A Houston-based oil and gas drilling contractor, Integrated Production Services, has pleaded guilty to a negligent violation of the Clean Water Act and has agreed to pay penalties totaling $162,000 to federal and state agencies.

The case stemmed from the spilling of 400 to 700 gallons of hydrochloric acid — a chemical used in the controversial drilling practice of “fracking”  — into a creek in eastern Oklahoma in 2007.

In a news release, the U.S. Justice Department said a tank at the natural gas drilling site in Atoka County, Okla., leaked the acid at the well, which was flooded due to heavy rain. Authorities said Gabriel Henson, a company supervisor, first failed to clean up the spill and then drove a pickup truck through the well’s earthen berm, causing the acid to flow into the creek.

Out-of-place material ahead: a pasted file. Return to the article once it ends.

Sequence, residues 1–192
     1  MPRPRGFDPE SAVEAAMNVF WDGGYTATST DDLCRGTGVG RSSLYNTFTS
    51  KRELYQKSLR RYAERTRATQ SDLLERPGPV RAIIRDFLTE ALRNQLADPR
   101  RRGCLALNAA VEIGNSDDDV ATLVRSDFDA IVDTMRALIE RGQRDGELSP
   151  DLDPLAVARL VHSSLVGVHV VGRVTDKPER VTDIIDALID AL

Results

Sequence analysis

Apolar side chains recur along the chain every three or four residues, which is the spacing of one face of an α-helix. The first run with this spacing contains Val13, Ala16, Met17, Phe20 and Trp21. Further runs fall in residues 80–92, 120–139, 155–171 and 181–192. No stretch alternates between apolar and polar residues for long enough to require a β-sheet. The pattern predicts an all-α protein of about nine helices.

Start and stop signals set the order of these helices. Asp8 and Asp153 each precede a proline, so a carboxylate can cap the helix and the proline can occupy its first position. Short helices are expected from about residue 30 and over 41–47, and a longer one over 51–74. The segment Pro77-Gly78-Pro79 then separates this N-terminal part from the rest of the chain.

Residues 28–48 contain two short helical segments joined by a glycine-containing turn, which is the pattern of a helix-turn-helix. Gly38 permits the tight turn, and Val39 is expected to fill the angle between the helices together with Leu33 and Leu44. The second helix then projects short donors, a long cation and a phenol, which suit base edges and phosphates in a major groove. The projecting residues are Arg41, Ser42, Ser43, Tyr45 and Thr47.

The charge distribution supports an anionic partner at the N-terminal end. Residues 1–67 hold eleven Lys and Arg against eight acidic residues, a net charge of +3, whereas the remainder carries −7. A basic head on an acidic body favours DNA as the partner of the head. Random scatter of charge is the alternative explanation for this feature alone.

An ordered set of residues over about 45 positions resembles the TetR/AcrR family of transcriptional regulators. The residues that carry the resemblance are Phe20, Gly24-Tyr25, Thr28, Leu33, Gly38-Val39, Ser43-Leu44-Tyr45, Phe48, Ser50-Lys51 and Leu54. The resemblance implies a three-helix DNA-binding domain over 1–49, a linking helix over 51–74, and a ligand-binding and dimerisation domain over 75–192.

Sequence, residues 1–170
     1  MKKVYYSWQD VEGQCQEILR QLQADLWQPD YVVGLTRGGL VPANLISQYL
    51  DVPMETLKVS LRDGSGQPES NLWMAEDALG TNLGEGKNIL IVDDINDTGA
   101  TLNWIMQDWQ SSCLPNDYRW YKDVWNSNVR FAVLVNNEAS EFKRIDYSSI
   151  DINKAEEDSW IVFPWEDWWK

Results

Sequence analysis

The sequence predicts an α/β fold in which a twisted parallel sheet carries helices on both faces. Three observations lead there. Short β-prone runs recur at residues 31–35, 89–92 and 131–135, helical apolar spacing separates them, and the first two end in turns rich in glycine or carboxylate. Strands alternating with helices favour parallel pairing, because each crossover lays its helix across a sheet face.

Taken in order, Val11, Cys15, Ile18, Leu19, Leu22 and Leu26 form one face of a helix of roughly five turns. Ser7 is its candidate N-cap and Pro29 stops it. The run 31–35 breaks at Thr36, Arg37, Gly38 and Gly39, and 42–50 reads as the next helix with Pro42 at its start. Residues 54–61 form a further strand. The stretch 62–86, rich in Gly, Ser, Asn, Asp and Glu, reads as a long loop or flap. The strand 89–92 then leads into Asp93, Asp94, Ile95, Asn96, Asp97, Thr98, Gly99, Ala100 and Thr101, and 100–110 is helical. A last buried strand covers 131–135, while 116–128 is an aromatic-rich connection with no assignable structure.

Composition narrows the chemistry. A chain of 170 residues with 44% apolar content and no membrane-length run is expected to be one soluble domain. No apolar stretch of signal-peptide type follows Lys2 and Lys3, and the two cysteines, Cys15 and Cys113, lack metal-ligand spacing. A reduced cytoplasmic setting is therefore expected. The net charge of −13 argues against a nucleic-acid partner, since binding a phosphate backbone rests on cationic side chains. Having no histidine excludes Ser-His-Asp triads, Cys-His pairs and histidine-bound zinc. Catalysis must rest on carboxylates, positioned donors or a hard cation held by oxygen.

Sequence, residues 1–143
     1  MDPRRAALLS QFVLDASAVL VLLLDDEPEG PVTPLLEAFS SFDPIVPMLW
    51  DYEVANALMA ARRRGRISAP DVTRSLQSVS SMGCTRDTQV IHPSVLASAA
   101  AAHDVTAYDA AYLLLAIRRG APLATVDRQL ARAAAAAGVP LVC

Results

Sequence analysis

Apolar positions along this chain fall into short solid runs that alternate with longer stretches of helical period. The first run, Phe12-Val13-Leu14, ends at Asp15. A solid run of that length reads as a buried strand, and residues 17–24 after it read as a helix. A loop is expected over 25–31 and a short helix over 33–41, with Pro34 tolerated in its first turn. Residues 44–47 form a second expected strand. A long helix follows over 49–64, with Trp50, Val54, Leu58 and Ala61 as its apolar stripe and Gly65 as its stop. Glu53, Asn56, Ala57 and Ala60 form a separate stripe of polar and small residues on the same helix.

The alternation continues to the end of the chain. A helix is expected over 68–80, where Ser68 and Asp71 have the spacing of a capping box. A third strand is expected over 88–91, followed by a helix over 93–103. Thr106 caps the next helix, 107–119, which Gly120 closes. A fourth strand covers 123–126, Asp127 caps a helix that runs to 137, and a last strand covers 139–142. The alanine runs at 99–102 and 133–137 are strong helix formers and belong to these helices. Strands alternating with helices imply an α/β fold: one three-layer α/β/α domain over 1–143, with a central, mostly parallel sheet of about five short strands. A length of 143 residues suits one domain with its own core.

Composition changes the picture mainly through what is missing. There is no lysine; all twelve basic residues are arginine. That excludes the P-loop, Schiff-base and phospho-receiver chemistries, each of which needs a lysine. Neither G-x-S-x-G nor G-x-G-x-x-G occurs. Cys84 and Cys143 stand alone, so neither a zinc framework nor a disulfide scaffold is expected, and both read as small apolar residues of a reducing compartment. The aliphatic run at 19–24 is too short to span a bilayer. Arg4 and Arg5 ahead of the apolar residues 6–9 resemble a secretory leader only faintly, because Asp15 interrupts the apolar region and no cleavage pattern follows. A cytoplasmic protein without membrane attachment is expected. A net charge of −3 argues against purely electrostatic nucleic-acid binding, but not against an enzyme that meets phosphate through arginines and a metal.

Henson previously pleaded guilty to a misdemeanor violation of the Clean Water Act and is awaiting sentencing. He faces up to one year in prison and a $100,000 fine. His company, in addition to paying the $162,000 in penalties, will serve two years of probation and will be required to train its employees in hazardous waste handling and in spill response procedures.

Ignacia S. Moreno, a Justice Department assistant attorney general, said in a statement, “As hydraulic fracturing occurs with increasing frequency across the country, companies and individuals involved in those operations must adhere to the laws that protect human health and the environment and level the playing field for responsible businesses.”

Fracking, or hydraulic fracturing, involves injecting water, sand and chemicals at high pressures into underground rock to open up cracks and extract natural gas. Environmentalists and researchers have raised increasing concerns about the threat it poses to water supplies.

STUART SILVERSTEIN

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